Marcuse suggests that the quotation arose from a visit by Niemöller and his wife to Dachau:
Shortly after the end of the war Niemöller became convinced that the German people had a collective responsibility (he often used the word Schuld, guilt) for the Nazi atrocities. In October 1945 Niemöller was the the prime mover behind the German Protestant Church’s “Confession of Guilt” (“Stuttgarter Schuldbekenntnis”). In later speeches Niemöller claimed that a November 1945 visit to Dachau, where the crematorium was being kept as a memorial site, began that process of recognition.
I think that it was in this context that Niemöller’s most quoted saying evolved. This early statement implies that he may have thought first of the Communists, then the disabled, then Jews, and finally countries conquered by Germany. However, it is also likely that he modified what he said for different audiences, perhaps including other groups, or changing the order depending on his goals. (I am suggesting that there may not be ONE SINGLE master quotation, but several versions used by MN himself.)
In the earliest texts that Harold Marcuse has been able to locate, Niemöller “spoke of the Communists, the disabled, and the Jews, in that order. He also mentioned Jehovah’s Witnesses”. Thus, despite the ambiguity, it seems certain that the Communists were named first—as suggested by Klemperer’s report of the Communist who was arrested and tortured in March 1933.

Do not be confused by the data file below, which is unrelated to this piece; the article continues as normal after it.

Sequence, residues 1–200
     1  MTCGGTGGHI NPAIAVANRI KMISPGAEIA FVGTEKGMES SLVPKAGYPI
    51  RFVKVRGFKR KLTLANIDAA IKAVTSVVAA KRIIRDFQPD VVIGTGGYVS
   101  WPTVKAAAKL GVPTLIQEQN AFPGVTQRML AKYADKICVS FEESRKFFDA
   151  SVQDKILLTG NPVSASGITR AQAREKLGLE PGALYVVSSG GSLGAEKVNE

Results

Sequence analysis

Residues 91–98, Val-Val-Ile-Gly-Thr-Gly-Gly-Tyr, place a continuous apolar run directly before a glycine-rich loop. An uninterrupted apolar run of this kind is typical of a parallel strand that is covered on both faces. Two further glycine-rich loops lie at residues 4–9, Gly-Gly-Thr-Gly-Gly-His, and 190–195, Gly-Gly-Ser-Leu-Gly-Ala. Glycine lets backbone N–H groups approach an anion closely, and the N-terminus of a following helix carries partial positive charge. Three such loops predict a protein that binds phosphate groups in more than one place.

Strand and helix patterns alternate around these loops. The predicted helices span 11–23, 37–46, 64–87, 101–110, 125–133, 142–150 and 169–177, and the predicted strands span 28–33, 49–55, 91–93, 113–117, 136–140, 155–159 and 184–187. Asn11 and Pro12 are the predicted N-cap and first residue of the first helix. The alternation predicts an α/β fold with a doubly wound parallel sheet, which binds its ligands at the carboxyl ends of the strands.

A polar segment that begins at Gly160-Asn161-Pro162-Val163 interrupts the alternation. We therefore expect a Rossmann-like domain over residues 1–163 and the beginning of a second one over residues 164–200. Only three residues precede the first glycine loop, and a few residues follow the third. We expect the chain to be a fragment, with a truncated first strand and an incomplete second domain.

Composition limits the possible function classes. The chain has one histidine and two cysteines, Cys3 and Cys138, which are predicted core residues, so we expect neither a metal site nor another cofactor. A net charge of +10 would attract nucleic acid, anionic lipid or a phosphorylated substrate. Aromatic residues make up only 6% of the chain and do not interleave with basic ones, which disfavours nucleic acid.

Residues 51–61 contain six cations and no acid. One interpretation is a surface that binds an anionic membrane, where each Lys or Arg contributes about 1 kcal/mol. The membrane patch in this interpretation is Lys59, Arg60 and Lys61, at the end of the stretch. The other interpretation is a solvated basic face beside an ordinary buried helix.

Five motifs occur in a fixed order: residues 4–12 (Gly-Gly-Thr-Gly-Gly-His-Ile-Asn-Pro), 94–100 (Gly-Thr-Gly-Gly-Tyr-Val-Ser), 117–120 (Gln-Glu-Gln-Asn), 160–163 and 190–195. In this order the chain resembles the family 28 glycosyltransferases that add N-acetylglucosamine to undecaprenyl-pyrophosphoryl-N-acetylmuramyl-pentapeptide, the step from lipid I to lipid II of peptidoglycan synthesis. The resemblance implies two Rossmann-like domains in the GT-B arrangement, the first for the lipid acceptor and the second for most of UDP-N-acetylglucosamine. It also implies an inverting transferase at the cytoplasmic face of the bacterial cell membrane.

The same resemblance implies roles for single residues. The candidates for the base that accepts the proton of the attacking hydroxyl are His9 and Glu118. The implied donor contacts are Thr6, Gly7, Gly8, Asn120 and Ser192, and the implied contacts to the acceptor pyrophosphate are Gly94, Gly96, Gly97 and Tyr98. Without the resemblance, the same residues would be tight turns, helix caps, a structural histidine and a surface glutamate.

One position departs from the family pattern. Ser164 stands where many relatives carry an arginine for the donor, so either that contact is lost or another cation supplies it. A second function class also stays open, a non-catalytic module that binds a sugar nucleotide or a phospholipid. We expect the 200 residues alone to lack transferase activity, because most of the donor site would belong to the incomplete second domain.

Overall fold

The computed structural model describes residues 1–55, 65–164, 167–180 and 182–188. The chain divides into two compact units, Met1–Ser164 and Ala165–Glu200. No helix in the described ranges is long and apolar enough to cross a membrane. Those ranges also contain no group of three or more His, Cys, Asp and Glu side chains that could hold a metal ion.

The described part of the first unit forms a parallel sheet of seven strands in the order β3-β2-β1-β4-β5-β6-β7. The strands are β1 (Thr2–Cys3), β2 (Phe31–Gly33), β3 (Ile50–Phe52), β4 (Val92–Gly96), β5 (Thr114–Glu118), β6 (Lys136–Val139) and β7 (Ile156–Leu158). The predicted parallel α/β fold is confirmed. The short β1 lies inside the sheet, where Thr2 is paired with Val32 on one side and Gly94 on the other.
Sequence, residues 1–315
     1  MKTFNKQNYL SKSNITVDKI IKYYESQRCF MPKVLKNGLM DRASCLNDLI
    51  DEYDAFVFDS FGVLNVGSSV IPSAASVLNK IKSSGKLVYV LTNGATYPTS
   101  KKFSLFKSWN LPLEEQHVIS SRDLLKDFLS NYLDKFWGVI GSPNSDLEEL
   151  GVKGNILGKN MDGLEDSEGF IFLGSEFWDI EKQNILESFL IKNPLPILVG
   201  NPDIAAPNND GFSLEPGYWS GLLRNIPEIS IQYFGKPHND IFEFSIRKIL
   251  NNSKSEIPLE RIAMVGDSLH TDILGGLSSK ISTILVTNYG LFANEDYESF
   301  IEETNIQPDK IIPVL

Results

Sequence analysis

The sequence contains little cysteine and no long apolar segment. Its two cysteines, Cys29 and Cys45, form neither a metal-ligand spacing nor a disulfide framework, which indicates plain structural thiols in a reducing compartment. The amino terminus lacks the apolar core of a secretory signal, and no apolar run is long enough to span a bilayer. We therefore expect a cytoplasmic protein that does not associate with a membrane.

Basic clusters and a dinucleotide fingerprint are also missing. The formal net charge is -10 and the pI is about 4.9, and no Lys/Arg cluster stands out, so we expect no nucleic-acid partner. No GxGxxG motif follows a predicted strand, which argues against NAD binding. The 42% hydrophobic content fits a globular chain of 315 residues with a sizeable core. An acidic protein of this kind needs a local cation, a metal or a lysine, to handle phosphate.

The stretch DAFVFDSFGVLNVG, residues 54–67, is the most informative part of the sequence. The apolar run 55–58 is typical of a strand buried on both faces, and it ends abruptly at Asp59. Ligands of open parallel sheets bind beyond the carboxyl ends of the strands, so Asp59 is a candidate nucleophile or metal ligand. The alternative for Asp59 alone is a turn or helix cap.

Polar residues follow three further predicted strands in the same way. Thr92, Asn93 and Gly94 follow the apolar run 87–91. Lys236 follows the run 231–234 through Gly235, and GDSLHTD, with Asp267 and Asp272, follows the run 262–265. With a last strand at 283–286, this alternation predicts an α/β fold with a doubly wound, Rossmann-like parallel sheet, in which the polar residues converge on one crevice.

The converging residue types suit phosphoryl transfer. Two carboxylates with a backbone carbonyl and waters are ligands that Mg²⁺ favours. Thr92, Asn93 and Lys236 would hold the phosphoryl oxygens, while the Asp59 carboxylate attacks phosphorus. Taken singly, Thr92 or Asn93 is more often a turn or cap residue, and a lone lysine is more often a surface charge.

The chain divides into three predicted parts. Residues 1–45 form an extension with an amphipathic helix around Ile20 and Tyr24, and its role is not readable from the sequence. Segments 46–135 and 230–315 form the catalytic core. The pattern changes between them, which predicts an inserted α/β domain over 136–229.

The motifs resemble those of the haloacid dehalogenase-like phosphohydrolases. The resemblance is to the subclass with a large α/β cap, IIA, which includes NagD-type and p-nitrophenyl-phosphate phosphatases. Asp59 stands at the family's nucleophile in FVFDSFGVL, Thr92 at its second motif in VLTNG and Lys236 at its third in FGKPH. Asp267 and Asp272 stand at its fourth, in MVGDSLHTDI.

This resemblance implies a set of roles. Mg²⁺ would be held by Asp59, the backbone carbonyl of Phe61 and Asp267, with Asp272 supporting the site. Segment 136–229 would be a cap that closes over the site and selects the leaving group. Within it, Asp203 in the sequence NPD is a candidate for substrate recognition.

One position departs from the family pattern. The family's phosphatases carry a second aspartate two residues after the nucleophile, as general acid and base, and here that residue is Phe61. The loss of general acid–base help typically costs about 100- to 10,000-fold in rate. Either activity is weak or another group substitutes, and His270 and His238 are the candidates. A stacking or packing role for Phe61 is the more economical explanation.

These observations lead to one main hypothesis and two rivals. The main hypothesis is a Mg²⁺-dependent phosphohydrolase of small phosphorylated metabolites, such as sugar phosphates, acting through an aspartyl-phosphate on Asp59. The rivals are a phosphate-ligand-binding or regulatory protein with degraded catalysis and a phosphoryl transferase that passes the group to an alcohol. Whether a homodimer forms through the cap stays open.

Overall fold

What is most interesting is not that Niemöller used different versions himself but rather the self-serving way the quotation has been “reworked” by others to suit their own ends: the version in the US Congressional Record being clearly the most egregious example of such distortion, since it replaces “Communists” with “industrialists”.
Ironically, it is just this kind of manipulation and subversion of language that Victor Klemperer exposed in his book The Language of the Third Reich, which describes how “the existing social culture was manipulated and subverted as the German people had their ethical values and their thoughts about politics, history and daily life recast in a new language.”
Happily, that is all in the past. As I recently heard George W. Bush say on television: “These are good days in the history of freedom”.